“A guitar was always my best friend,” admits Scranton-area musician Butch Frable. This statement should come as no surprise to those in the know as far as Frable’s nearly three decades in NEPA music are concerned. From touring the country during the early 1990s as guitar tech for rockers Wicked Maraya, to Godzilla-esque riffing with Northeast Pa.’s own Graphic Violence and Beyond Fallen, Frable’s lifetime of six-string aptitude has led to his most recent endeavor – opening his own custom guitar shop.
Located in Clarks Summit, CHUD Custom Shop (derived from a nickname bestowed upon Frable by his wife) is the ultimate labor of love for this guitar diehard.
“I’m just getting this shop going,” says Frable, who in recent months has actually left Beyond Fallen and scaled back on his live gig schedule due to some health concerns. Frable still maintains active roles in Fireball, a blues-tinged outfit, and the metal-slanted Vicegrip.
“I’ve been looking for something a little better to do with my life, and I’ve had to cut back. Building guitars, though, I’ll never stop doing it.”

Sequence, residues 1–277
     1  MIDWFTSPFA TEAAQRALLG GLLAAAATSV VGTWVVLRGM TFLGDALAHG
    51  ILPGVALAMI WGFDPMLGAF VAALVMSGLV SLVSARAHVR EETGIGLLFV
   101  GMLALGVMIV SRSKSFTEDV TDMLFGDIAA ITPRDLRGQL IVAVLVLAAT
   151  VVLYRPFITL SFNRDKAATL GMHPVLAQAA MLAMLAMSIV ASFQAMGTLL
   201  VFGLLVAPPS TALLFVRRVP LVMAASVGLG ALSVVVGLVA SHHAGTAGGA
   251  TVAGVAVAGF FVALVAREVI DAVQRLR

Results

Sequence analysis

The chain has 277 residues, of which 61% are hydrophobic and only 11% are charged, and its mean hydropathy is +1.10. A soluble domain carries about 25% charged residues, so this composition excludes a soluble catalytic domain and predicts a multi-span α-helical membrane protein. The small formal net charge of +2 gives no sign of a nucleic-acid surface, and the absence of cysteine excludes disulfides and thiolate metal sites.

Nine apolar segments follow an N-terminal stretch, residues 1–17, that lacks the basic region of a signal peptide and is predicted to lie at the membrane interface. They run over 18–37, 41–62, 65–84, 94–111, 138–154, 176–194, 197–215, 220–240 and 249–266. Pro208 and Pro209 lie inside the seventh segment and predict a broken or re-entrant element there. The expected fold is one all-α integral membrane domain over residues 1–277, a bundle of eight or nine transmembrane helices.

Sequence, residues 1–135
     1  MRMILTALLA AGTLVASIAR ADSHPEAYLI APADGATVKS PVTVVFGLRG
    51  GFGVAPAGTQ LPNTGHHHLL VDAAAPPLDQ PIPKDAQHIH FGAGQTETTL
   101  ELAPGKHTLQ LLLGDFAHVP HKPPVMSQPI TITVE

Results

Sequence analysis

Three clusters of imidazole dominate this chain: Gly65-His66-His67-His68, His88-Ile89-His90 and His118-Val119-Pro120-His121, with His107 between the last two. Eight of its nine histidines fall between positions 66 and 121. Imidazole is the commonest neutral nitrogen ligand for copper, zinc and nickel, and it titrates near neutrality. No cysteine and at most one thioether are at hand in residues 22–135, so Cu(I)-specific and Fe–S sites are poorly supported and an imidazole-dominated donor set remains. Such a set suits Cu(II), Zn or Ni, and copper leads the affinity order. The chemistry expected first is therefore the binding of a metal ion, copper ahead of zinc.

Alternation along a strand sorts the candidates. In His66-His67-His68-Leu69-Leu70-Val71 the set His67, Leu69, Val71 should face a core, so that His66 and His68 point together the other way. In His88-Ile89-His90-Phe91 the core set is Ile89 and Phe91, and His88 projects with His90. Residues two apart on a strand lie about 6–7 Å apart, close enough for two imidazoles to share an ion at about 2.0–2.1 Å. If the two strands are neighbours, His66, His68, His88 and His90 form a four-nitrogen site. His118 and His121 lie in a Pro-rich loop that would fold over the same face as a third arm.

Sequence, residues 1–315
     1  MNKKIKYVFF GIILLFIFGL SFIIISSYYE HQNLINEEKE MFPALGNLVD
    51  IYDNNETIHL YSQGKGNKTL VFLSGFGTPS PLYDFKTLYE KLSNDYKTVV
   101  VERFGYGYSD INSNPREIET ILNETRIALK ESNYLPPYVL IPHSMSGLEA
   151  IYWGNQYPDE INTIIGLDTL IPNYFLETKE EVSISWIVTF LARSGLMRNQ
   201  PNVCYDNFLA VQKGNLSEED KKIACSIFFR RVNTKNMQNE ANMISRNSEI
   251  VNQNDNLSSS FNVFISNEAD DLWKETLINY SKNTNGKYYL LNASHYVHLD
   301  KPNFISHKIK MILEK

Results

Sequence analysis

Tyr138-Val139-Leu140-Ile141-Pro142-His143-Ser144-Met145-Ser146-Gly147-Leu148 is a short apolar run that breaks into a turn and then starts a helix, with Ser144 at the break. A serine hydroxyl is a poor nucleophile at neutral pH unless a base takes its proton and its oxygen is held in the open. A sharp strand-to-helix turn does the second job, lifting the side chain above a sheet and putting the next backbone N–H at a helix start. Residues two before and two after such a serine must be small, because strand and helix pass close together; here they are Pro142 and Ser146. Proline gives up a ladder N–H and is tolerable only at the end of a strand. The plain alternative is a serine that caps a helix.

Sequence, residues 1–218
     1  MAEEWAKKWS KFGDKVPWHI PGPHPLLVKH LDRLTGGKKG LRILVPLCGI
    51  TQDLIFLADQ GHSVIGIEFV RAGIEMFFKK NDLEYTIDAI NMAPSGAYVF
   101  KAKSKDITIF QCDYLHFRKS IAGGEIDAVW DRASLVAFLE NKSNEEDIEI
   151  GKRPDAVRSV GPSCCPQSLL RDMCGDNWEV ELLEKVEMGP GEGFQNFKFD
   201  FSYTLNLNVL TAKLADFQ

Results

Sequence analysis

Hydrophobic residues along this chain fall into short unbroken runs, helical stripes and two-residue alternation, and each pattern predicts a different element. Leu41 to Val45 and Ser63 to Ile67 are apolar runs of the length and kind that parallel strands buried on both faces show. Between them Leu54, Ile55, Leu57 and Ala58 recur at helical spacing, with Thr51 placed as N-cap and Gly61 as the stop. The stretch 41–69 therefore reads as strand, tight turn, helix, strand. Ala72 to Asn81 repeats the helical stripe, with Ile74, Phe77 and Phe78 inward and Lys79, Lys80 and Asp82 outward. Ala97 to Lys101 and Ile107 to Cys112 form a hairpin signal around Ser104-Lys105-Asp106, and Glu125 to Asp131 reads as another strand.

“I have a lot of good friends around here,” he says understatedly of the word of mouth that has driven his reputation as a would-be “Dr. Frankenstein” of guitars. Local recording facilities like Old Forge’s Sound Investment Studios have been using some of Frable’s creations for quite some time, impressed with his workmanship and affordability.
“My expertise is Stratocasters,” Frable says. SI Studios’ owner Tom Borthwick soon caught wind of the guitars Frable was building and, consequently, became one of the first local music professionals to purchase one of Frable’s ’68 Strat copies, with the added modification of more modern electronics, for studio work – the word quickly spread.
“Tom said almost everybody that comes through that studio ends up playing that guitar on one of their recordings,” Frable notes. “That just strikes me; I feel absolutely speechless when I hear that.”
Other notable area guitar-heads have come to Frable to satisfy their need for quality customs as well. Rocco Lameo from Militia, Green Light Go’s Kevin Locker, Frable’s ex-Beyond Fallen bandmate Steve Jasuilewicz, and his own handpicked replacement in BF, Greg Barczmaga, are just some of the NEPA shredders who own Frable’s customs. Guitarist Dan Malsch, for whom Frable used to tech with Wicked Maraya, was actually the first studio owner to inquire about Frable’s instruments. Malsch’s Soundmine Recording in East Stroudsburg proudly houses a couple of Frable’s famed Stratocasters.